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Prosecutor calls teen liar who stabbed friend

Trial begins for boy accused in sleepover slaying

SHARE Prosecutor calls teen liar who stabbed friend

Brookes Colby Shumway sat motionless as prosecutors called him a liar, alleging he stabbed his friend Christopher Ray 39 times and then watched as he died.

Shumway, 16, is accused of killing 14-year-old Ray during a sleepover at Ray's home Jan. 23. Though 15 at the time of the stabbing, Shumway is being tried as an adult.

Prosecutor Katherine Bernards-Goodman admonished the jury not to be swayed by Shumway's youth.

"The defendant is 16 years old," Bernards-Goodman said. "But he has been found by a court of law to be an adult and is to be treated as an adult."

Shumway has offered varying accounts of the events leading up to Ray's death, including assertions that he acted in self-defense, that there was an argument and that others were involved.

Bernards-Goodman, in her opening statement, said the evidence gathered by investigators contradicts all of Shumway's accounts.

"We know the defendant killed the victim, and it was not self-defense," Bernards-Goodman said. "We also know that the defendant has not told a true story yet. And the reason he hasn't is because he knows the true story will get him convicted."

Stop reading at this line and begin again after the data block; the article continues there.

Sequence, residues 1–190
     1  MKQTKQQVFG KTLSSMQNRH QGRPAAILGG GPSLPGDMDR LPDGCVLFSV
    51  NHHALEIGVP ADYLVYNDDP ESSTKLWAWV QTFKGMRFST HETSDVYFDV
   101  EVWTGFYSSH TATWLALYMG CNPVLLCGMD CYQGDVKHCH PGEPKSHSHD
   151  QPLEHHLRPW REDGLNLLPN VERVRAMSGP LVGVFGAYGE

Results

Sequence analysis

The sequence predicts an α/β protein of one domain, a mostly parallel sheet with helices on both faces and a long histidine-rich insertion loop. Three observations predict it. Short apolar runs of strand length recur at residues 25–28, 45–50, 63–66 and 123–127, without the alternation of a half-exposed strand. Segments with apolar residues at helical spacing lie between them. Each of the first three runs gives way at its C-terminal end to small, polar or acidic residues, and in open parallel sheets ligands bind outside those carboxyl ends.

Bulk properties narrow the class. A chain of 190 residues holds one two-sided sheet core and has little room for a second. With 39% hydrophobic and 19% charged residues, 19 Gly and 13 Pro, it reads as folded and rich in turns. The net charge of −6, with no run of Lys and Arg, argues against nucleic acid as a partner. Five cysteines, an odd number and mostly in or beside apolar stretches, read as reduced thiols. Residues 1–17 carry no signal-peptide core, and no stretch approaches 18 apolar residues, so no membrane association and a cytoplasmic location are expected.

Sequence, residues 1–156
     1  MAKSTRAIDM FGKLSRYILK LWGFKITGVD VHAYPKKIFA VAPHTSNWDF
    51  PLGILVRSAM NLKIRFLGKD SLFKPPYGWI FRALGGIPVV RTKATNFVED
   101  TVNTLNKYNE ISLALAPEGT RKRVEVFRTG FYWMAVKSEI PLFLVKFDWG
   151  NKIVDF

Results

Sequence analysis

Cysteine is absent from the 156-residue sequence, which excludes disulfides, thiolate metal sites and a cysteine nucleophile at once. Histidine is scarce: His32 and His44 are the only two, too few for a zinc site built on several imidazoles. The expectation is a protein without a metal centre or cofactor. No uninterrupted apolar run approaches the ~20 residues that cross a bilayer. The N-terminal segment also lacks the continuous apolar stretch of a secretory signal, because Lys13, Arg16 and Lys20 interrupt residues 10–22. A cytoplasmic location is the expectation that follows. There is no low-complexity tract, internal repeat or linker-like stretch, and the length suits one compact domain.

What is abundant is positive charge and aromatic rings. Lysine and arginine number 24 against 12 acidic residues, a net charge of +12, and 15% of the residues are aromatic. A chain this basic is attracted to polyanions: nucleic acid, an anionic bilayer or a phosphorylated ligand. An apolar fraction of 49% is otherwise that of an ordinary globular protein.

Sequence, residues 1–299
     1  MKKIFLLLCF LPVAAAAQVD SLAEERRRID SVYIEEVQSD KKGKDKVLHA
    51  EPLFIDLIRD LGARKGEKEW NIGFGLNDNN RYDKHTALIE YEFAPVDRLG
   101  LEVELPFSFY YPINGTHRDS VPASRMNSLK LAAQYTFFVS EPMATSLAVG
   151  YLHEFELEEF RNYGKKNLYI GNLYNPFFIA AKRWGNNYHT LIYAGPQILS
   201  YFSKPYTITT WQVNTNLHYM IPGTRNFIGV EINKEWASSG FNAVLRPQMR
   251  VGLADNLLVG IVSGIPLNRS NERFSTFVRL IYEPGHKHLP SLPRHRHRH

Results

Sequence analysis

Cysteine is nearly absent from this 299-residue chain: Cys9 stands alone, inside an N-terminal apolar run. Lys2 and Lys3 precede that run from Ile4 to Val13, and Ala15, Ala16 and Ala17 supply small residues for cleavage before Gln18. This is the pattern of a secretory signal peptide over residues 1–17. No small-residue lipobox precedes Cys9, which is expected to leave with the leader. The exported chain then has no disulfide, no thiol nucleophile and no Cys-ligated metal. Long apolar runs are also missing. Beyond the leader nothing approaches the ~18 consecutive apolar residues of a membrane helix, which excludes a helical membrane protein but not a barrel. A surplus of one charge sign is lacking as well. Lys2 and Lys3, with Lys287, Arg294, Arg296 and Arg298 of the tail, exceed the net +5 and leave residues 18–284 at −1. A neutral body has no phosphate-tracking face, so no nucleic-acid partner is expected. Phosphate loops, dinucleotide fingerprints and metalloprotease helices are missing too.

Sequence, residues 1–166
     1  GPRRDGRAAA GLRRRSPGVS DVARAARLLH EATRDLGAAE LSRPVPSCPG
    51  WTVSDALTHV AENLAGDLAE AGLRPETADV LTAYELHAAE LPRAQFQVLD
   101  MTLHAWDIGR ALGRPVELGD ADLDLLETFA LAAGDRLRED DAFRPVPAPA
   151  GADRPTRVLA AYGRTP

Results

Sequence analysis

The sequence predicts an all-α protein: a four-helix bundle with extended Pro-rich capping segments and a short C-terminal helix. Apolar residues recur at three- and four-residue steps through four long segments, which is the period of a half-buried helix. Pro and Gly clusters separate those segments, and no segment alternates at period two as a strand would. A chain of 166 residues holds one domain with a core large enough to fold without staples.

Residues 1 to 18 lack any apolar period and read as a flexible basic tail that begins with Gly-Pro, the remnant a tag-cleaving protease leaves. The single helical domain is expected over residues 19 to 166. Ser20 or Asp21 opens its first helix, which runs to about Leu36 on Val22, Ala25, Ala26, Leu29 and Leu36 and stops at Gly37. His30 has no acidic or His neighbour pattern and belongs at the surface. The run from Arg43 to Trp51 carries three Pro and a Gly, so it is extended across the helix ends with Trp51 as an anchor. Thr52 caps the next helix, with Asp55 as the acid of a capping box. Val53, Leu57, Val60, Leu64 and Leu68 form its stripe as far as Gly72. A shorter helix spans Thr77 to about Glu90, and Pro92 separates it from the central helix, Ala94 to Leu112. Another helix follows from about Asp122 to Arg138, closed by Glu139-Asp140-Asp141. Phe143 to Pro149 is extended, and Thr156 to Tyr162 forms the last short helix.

Defense attorney Randall Lund in his opening argument seized one statement by Bernards-Goodman, in which she told jurors "to not get caught up in the details." Lund argued it is the details of the case that will set his client free, that vital omissions in the case tell as powerful a story as the gruesome details included as evidence.

Namely, Lund pointed to the medical examiner's opinion that two knives were used in the killing and that one or more people may have been involved in causing these deaths. Only one knife was found at the scene.

"The best evidence isn't available," Lund said. "It isn't available because it was ignored."

Lund also focused on the apparent silence during the time the murder was committed. The incident took place at Ray's trailer home, while his mother, sister and "yappy" poodles slept in nearby bedrooms.

"This terrible, awful incident took place without anyone hearing anything," Lund said. "There were no screams, no yelling, no commotion. No barking dogs. Nothing.

"This case is full of questions," Lund said. "The evidence is either inconclusive or raises other questions we don't have answers to."

Ray's mother and sister were scheduled to testify Tuesday. The trial is expected to conclude Friday.

E-mail: jnii@desnews.com